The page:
"Grand Blanc High School has created a 'drug exception' to the Constitution," said Michael J. Steinberg, Michigan ACLU Legal Director. "Fortunately, the Michigan Constitution requires that there be reasonable suspicion before students are drug tested. The school should be very concerned about the lesson it is teaching students when it treats them as if they have no rights at all."

Between 1998 and 2000, 599 students were randomly tested for drugs under Grand Blanc's policy. Only two tested positive. Grand Blanc is the only high school in the state to have such a policy.

"Grand Blanc High School should stop treating its students like criminals," said ACLU cooperating attorney Gregory Gibbs. "The school cannot violate student athletes' privacy rights by making them submit to drug testing unless there is reason to suspect that they are breaking the law."

The lawsuit was filed last spring on behalf of Micah White, a student who was denied an opportunity to join the Grand Blanch wrestling team in 1999 because he and his parents refused to sign a drug testing authorization form. At the time, Mr. White was a member of the National Honor Society, a National Merit Commended Student and a National Achievement Finalist. He had never been suspended, expelled or disciplined at high school due to behavior problems or for other reasons. White now attends Swarthmore College in Pennsylvania.

The Michigan Supreme Court has held that the Michigan Constitution provides greater protection than the federal constitution in this area. Several states courts, including courts in Indiana, Pennsylvania and New Jersey, have held that drug testing of high school students is a violation of their respective state constitutions.

The judge assigned to hear the Grand Blanc High School case, Judge Geoffrey Neithercut, has not yet set a hearing date for the ACLU's motion.

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Court Asked to Strike Down Grand Blanc High School Drug Testing Policy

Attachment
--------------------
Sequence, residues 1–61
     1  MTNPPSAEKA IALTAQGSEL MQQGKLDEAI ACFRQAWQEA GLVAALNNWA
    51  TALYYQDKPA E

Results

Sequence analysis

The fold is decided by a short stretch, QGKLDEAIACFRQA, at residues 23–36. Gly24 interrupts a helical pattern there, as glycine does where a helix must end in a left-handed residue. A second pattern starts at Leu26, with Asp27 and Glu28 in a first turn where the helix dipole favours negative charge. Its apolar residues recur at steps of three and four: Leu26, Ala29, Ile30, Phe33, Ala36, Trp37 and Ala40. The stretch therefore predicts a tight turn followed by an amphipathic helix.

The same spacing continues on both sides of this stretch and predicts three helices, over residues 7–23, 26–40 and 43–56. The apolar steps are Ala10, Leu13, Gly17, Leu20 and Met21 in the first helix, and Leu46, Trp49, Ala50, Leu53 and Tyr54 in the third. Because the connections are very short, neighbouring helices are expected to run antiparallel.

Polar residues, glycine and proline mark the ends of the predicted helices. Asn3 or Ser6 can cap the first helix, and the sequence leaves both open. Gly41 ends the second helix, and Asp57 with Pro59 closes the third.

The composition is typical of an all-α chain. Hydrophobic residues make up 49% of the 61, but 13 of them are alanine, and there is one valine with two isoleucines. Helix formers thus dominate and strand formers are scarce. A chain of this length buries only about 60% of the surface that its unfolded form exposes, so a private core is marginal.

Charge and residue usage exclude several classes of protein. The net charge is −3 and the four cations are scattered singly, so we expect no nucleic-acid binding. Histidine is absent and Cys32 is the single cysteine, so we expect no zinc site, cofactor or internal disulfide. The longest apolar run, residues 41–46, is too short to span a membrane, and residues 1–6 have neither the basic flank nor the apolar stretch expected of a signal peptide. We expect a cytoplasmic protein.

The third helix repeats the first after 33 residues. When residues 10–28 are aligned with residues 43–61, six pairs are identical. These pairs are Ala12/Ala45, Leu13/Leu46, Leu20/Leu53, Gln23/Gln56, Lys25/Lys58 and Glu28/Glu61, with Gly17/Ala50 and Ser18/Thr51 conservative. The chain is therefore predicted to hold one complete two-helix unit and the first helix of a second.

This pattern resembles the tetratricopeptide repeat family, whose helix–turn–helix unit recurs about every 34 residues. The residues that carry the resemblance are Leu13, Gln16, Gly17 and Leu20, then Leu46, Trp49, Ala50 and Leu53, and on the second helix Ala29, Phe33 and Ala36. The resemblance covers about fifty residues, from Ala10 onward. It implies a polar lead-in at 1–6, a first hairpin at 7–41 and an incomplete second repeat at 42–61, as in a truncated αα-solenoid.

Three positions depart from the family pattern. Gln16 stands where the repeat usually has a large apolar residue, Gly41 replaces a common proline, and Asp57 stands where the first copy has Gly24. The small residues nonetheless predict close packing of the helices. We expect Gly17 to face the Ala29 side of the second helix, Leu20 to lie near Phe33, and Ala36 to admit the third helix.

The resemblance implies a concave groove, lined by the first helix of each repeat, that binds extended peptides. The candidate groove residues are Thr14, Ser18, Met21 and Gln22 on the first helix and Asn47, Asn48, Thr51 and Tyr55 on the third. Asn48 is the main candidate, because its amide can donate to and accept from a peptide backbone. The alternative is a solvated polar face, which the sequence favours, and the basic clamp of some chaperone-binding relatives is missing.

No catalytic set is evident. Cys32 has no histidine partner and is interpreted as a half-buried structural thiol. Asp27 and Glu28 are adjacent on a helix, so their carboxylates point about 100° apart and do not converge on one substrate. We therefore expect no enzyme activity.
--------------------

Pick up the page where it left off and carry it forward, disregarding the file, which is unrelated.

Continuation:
June 05, 2001

To stop Grand Blanc High School's drug testing program, the American Civil Liberties Union of Michigan filed a motion on Tuesday in an on-going lawsuit asking that the Genesee County Circuit Court rule the school's policy a violation of the Michigan Constitution's protection against unreasonable searches and seizures.

Under the program, students who want to play sports must provide a urine sample on demand for drug testing. In violation of students' privacy rights, school officials require athletes to provide urine samples even though there is no reason to believe that they have been using drugs.

"Grand Blanc High School has created a 'drug exception' to the Constitution," said Michael J. Steinberg, Michigan ACLU Legal Director. "Fortunately, the Michigan Constitution requires that there be reasonable suspicion before students are drug tested. The school should be very concerned about the lesson it is teaching students when it treats them as if they have no rights at all."

Between 1998 and 2000, 599 students were randomly tested for drugs under Grand Blanc's policy. Only two tested positive. Grand Blanc is the only high school in the state to have such a policy.

"Grand Blanc High School should stop treating its students like criminals," said ACLU cooperating attorney Gregory Gibbs. "The school cannot violate student athletes' privacy rights by making them submit to drug testing unless there is reason to suspect that they are breaking the law."

The lawsuit was filed last spring on behalf of Micah White, a student who was denied an opportunity to join the Grand Blanch wrestling team in 1999 because he and his parents refused to sign a drug testing authorization form. At the time, Mr. White was a member of the National Honor Society, a National Merit Commended Student and a National Achievement Finalist. He had never been suspended, expelled or disciplined at high school due to behavior problems or for other reasons. White now attends Swarthmore College in Pennsylvania.